Introduction Complete foreign body airway obstruction is a life-threatening emergency, but there are limited data on its epidemiology.
Methods We conducted a retrospective analysis of data collected routinely from London Ambulance Service calls coded as being for choking was undertaken for the calendar year of 2016.
Results There were 1916 choking episodes of significant severity to call for emergency assessment in London during 2016, 0.2% of total calls requiring an ambulance response, an average of 5.2 per day. The incidence increased at the extremes of age. Calls coded as choking occurred at times consistent with lunch and dinner and less frequently at breakfast. Peak incidence occurred at Sunday lunchtimes and on Wednesday evenings.
Conclusions Choking is a substantial health problem for Londoners to seek emergency assistance. Choking is more frequent at the extremes of age with a higher incidence at lunch and dinner time. Greater public awareness of choking and its management could help to prevent avoidable deaths.
- clinical epidemiology
- respiratory muscles
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Choking is a substantial health problem.
Choking is more frequent at extremes of age.
Choking has a higher incidence at lunch and dinner time. Greater public awareness of choking and its management could help to prevent avoidable deaths.
Complete foreign body airway obstruction (FBAO) is a life-threatening emergency, but there are limited data on its epidemiology. In 1982, Mittleman et al 1 found the incidence of choking in the USA to be 0.66 per 100 000 per year. Vilke et al 2 reported that of emergency department (ED) attendances related to choking in San Diego, USA, 50% were in children aged less than 5 years. In adults, the incidence of choking appears to increase with age.3 The National Safety Council, USA, reports that FBAO is the fourth leading cause of ‘unintentional injury death’ with 5051 reported deaths in 2015 with 56% (2848 people) being over the age of 74.4 Establishing the true incidence of significant choking due to FBAO is difficult because many cases of choking may be managed without the assistance of the emergency services. The Office for National Statistics reports that there were 34 avoidable deaths in the UK related to choking in 20155 which is likely to be an underestimate.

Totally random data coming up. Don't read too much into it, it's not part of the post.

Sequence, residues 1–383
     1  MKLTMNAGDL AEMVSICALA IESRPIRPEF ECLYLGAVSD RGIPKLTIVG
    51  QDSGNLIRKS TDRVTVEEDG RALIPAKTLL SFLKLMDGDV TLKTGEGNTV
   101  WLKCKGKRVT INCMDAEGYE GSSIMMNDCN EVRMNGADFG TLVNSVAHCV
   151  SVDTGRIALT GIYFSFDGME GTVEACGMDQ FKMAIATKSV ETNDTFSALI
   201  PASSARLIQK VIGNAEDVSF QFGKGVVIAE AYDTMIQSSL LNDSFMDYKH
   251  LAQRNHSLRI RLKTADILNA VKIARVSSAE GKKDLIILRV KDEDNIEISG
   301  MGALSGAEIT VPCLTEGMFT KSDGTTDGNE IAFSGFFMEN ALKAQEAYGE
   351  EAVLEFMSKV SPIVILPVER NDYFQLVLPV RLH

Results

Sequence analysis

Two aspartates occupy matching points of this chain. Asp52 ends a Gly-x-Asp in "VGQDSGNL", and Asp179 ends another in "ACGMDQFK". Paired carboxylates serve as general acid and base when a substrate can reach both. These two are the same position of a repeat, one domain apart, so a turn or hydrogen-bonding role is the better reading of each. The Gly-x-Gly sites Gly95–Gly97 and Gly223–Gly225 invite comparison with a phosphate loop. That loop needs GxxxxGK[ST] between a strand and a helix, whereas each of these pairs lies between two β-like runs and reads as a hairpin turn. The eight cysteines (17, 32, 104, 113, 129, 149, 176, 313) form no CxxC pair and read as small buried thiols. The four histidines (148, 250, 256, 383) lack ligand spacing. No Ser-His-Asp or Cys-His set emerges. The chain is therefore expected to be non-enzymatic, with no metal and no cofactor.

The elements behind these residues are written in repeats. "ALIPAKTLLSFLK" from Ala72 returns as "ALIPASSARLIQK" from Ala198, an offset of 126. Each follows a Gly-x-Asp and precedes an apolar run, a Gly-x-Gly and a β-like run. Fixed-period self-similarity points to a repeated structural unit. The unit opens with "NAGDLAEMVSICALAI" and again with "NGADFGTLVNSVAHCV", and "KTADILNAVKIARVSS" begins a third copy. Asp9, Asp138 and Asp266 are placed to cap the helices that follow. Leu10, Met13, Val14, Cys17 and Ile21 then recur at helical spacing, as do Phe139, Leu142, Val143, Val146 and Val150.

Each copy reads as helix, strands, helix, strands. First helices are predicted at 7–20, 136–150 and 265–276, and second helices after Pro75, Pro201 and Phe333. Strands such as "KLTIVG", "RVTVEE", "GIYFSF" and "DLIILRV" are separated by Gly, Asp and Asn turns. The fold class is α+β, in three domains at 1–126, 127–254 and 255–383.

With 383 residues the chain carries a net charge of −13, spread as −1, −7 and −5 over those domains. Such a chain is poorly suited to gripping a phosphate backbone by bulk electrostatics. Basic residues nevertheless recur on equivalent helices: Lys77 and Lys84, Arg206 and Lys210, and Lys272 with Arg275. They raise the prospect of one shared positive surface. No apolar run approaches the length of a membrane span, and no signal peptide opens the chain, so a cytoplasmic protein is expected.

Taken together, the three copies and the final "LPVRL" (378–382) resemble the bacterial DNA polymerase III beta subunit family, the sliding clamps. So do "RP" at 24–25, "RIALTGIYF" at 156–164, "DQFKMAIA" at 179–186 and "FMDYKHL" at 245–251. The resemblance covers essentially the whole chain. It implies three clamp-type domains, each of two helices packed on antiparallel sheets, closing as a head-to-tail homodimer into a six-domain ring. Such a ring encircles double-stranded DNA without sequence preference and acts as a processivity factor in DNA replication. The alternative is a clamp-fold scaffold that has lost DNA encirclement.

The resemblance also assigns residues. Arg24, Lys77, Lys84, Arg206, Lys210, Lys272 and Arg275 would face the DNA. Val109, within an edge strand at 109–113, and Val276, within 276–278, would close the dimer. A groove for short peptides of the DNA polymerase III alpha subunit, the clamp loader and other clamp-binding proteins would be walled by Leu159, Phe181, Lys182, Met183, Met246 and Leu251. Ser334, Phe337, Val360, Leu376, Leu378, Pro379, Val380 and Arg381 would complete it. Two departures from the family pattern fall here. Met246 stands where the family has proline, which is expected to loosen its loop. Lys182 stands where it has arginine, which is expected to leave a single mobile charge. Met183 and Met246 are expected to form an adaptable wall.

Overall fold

Recognition of FBAO is key to early intervention. Choking normally occurs while the victim is eating or drinking and can be associated with muscle, neurological or cerebral impairment. The most common signs and symptoms of choking are cough, struggling to breathe or talk, cyanotic appearance and grasping or reaching for the throat.6 7 In addition to choking caused by a food bolus entering the trachea, causes include inhaling foreign bodies, particularly in children and aspirating vomit when consciousness is obtunded.
The abdominal thrust manoeuvre, commonly known as the ‘Heimlich manoeuvre’ is an effective technique for expelling an obstructing foreign body from the airway. As originally described by Heimlich, the rescuer places their hands around the victim’s waist, above the umbilicus and below the rib cage, from behind, and delivers a sharp inward and upward thrust to the abdomen below the rib cage.6 The UK Resuscitation Council’s basic life support guidelines, National Health Service choices8 9 and European Resuscitation Council7 state that the management of FBOA is a combination of back blows and abdominal thrusts.
We sought to understand the incidence of choking by analysing calls to the London Ambulance Service (LAS) coded as being for choking.
LAS choking data
We obtained routinely collected retrospective data from the LAS (patient report form) records for the calendar year 2016, giving the time of day, gender, age and outcome for calls identified using the search term ‘choking’. The data comprise LAS codes for ‘choking with cardiac arrest’ where a prealert or ‘blue call’ was required (ie, when the ED is contacted prior to patient arrival) and LAS codes related to ‘choking only’. Numbers of calls per estimated age band were adjusted for population numbers using data from the Office for National Statistics10 (www.ons.gov.uk). Patient outcome and data on the location from which the call had come were not available from the LAS patient report forms.
In 2016, the total number of calls to the LAS requiring an ambulance response was 1 114 965. Of these, 1916 (0.2%) were coded as due to choking, an average of 5.2 per day. Forty-nine per cent were male, 50% were female and 1% unknown. Peaks in incidence for weekdays occur at lunch time from 12:00 to 14:00 and dinner time from 16:00 to 20:00. Choking occurred less frequently at breakfast time (figure 1). Notably, there was a spike in incidence on Sunday at 13:00.
Eight hundred and eleven of the calls to LAS were for children aged 0–4 years (incidence of 1.3 per 1000 population) (figure 2). The incidence of choking rose steeply in older people. Although there is a known association between alcohol consumption and choking,11 only 1.3% of episodes were coded as having been related to alcohol consumption.
Of calls to the LAS, 118 152 were coded as a prealert or ‘blue-call’; this is where a prealert call is placed to the receiving unit and urgent transfer with the ambulance using blue lights is undertaken. Of the calls coded as choking, 224 were coded as a prealert or blue call representing 0.2% of total ‘blue calls’.